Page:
by Jay Johansen | Jul 17, 2023
I'm writing this in July 2023. I leave my articles sitting on my web site indefinitely, so maybe you're coming across this years later and don't even remember the Budweiser boycott. So for background, here's the gist of the story:
In April 2023 Budweiser made an arrangment with Dylan Mulvaney, a well-known cross-dresser, to endorse their beer. Mulvaney imagines that he somehow became a woman, and apparently this April was the first anniversary of his magical transmogrification, so they made a special "commemmorative can" with his picture on it to celebrate his "365 days of being a girl". Dylan Mulvaney announces being newest brand ambassador for Bud Light
If you've never seen Mulvaney's videos, he puts on an exagerrated parody of stereotypes of women. For example, in one of his videos he is walking through a park when he sees a bug and he pretends to go into a total panic, running away and screaming and falling down. Because girls are afraid of bugs, apparently. In the video for Bud Light, he pretends to not know anything about basketball. Even though by his own account he was a man for 25 years, apparently he forgot everything he ever knew about sports when he "became a girl" because women don't know anything about sports. Etc. As a man I find his routine insulting to women. As I write this it occurs to me that I've never asked a woman what she thinks of Mulvaney. Would an actual woman find his routine insulting? Or an amusing parody?
But Bud's customer base is mostly testosterone-heavy young men, so there was immediate and heavy backlash. Their customers are not the kind of men who wanted to be associated with cross-dressers and homosexuals.
Then a video came out of an interview with Bud's Vice President of Marketing, Alissa Heinerschedid, in which she says that Bud's existing customers are "fratty" and "out of touch" and the brand needs to "evolve". Bud Light's Marketing VP says she was inspired to update fratty, out of touch branding inclusively This didn't help.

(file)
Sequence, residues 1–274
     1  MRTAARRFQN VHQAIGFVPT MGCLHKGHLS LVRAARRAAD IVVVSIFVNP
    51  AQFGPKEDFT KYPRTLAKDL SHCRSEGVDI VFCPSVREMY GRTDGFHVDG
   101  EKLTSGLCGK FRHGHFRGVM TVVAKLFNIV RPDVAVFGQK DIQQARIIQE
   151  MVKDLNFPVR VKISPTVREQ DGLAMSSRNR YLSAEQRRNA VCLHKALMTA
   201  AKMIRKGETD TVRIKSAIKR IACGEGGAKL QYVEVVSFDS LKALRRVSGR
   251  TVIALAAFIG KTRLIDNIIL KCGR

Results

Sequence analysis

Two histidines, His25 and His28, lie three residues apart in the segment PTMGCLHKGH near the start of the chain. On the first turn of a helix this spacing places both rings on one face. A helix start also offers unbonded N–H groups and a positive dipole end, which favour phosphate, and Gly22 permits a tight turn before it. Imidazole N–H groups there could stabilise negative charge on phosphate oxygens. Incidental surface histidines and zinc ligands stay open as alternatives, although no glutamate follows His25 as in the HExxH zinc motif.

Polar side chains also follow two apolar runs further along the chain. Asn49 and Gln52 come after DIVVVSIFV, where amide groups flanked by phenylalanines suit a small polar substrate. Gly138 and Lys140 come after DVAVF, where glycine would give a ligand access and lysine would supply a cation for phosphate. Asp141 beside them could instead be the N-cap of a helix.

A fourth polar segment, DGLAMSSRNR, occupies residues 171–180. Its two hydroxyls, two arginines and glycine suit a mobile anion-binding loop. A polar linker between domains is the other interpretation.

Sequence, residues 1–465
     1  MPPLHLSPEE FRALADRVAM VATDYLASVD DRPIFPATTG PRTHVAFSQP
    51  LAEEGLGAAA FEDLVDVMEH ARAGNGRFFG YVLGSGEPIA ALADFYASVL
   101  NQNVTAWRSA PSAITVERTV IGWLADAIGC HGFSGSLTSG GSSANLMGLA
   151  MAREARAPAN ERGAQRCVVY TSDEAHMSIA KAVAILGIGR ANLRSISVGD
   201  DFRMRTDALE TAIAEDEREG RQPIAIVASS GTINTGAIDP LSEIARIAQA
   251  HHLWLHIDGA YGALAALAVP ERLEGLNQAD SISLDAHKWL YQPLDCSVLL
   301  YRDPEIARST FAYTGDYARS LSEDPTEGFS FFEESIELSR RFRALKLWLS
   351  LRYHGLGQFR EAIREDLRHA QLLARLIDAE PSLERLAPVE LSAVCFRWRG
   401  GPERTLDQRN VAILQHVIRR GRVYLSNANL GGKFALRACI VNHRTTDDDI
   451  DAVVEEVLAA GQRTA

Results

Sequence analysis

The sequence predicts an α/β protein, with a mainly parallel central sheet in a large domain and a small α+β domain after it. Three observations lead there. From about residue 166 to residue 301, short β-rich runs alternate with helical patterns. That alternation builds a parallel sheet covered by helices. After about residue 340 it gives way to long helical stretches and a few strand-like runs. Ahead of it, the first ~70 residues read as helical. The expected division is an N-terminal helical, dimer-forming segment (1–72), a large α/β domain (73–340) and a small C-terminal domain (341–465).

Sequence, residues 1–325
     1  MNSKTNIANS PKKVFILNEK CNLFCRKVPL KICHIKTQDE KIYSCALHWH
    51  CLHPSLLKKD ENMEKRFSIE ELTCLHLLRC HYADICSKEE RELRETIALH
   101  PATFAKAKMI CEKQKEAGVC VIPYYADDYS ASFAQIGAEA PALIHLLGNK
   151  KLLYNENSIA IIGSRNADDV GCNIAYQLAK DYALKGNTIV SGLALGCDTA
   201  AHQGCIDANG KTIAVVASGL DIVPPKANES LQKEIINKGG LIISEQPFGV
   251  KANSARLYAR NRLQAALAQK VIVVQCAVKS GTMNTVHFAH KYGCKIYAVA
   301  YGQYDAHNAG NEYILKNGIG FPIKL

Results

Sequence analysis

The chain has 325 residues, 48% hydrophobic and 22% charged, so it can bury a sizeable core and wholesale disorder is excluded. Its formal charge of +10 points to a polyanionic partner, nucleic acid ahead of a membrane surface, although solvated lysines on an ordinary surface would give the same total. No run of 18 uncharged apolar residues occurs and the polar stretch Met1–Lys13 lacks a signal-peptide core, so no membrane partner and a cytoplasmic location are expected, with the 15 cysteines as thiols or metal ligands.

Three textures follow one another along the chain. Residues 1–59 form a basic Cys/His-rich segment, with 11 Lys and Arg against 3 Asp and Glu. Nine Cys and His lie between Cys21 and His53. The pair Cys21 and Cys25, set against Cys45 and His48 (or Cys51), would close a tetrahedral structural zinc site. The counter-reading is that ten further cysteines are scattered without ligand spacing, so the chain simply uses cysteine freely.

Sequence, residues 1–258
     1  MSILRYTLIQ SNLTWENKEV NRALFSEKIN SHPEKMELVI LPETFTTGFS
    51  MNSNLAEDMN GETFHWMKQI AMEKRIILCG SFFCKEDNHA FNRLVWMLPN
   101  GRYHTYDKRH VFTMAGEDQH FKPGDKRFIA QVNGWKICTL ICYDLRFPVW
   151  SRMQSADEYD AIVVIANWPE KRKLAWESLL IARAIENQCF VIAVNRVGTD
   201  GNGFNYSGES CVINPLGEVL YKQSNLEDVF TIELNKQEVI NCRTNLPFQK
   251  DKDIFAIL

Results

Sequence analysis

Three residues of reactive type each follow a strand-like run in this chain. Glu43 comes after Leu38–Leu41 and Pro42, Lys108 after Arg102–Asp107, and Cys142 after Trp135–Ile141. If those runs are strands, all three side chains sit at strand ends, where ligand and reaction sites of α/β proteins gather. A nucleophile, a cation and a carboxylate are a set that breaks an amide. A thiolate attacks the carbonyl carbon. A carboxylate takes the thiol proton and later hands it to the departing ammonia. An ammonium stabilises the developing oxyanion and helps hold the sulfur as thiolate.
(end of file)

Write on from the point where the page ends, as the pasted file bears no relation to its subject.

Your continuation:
While no organization tried to organize a boycott, there was a spontaneous boycott by many of the customers.
Bud's first reaction was to double down and say that they fully supported this marketting effort. Then sales plummetted. As I write this, reports say sales are down 25%. So they tried another tack. They tried to appease the traditional customers sith a very country-looking, traditional ad featuring cowgirls in the rain drinking Bud. Bud Light Shower Beer This went over like a lead balloon. Everyone knew it was a desperate attempt to pander to their traditional market.
Bud came out with a non-apology, Bud Light CEO Responds to Trans Controversy Basically their CEO tried to remind customers of Bud's long history of being a beer for middle America. He talked about supporting the military and respecting American values. But he never actually mentioned the cross-dressing "brand ambassador". The closest he came was to say, "We never intended to be part of a discussion that divides people. We are in the business of bringing people together over a beer."
The customers mostly found this to just be doubling down on the insults. "We don't want to be divisive. We laught at the ignorance of you fratty, out of touch hillbillies, but we still want you to give us money."
In a conference call with investors, he blamed all the excitement on "misinformation". What misinformation was being spread, exactly? Well he explained that the can with Mulvaney's picture on it was a custom-made can. They only made one, there was no plan to release it for general distribution. And this was not a "campaign" but a single video. To which one can only say, Who said otherwise? And, So what? If a company hired a representative of the Ku Klux Klan to endorse their brand, I don't think any liberal would be appeased by them pointing out that it was just one commercial and not a series.
The latest development I've heard is that now LGBTQ groups are boyocotting Bud, because they failed to strenuously defend Mulvaney. So now Budweiser finds that it has offended both its old customers and the people they were trying to reach out to.
It's interesting that, as of this writing, Budweiser has not publicly renounced the ad. It appears they're trying to steer a middle ground. They don't want to offend either the fratty, out-of-touch hillbillies who used to buy their product, or the sophisticated elites that they go to cocktail parties with.
They put the marketing VP who came up with this brilliant campaign on "leave", but they didn't fire her. They produced several ads clearly intended to appeal to the fratty, out-of-touch hillbillies, but they have not disavowed the Mulvaney ad.